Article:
He asked the conservative students to play an "active role" in national life and not act as mere "bystanders".

In a statement that clearly undermines the diplomatic apparatus, Khamenei stressed that "university student bodies are free to confront the external enemy. Some considerations concerning diplomatic issues rest with diplomats, but students should loudly and clearly declare their stances regarding foreign issues [emphasis added]".

The highlight of his speech began over the pretext of the ban of a Ramadan prayer sung by Iran's renowned classical singer, Mohammad Reza Shajarian. Shajarian's performance of Rabbana, a Ramadan fixture, was banned from state-run TV by the hardliners after airing for three decades.

The ban occurred after the singer sympathised with those who protested against the 2009 presidential election, which led to the re-election of the eccentric Mahmoud Ahmadinejad.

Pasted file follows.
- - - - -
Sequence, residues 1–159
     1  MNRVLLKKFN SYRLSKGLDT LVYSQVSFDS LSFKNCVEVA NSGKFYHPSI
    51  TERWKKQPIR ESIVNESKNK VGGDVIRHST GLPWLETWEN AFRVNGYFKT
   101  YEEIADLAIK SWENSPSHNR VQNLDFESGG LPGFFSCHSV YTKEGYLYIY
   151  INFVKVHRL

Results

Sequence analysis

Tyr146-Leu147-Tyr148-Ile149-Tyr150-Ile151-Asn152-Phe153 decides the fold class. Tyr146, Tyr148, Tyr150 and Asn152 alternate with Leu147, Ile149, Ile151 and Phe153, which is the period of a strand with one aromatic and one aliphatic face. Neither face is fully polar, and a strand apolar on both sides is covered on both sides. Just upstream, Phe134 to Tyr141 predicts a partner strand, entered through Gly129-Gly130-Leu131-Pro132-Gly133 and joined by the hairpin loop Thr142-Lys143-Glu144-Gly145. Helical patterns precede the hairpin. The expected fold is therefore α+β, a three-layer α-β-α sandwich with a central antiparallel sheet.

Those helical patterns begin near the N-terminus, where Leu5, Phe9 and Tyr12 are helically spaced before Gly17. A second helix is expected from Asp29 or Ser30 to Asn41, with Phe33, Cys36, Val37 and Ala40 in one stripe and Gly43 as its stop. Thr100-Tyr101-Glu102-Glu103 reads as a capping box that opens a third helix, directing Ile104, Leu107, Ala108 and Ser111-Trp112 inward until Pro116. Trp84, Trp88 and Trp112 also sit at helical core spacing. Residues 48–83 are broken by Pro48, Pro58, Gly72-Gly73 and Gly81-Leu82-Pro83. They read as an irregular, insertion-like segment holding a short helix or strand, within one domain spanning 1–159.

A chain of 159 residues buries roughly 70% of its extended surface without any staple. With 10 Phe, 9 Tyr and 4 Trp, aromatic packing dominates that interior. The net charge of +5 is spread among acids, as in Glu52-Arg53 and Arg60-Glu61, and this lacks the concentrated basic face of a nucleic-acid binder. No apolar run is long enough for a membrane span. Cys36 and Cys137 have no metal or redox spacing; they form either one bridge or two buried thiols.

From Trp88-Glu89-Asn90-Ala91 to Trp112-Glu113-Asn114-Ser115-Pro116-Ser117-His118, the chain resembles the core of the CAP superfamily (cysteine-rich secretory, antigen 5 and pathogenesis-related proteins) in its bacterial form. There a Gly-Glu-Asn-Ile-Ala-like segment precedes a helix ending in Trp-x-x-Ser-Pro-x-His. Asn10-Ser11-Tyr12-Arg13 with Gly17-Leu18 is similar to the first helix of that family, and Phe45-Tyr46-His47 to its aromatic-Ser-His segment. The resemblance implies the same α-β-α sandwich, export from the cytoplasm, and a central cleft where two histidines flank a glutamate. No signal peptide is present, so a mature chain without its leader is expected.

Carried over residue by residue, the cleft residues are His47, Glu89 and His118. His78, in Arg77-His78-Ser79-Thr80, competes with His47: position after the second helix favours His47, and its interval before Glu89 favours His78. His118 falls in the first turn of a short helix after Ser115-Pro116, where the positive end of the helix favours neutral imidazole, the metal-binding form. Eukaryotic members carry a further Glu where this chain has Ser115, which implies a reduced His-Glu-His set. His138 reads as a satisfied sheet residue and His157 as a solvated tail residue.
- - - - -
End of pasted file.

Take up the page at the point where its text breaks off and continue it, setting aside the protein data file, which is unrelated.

On 27 May, Rouhani posted Shajarian's Rabbana on his Instagram page, saying that it could not be eliminated. In a speech during his election campaign in May, Rouhani asked: "How can we think of elevating science and culture when we refuse to air a Ramadan prayer and Rabbana that people enjoy?"

That clearly crossed a red line drawn by Khamenei, who maintains that his "yardstick [for differentiating friends from foes] is refraining from supporting those who spearheaded the sedition". The term "sedition" is used by conservatives to describe the protests and uprisings of 2009.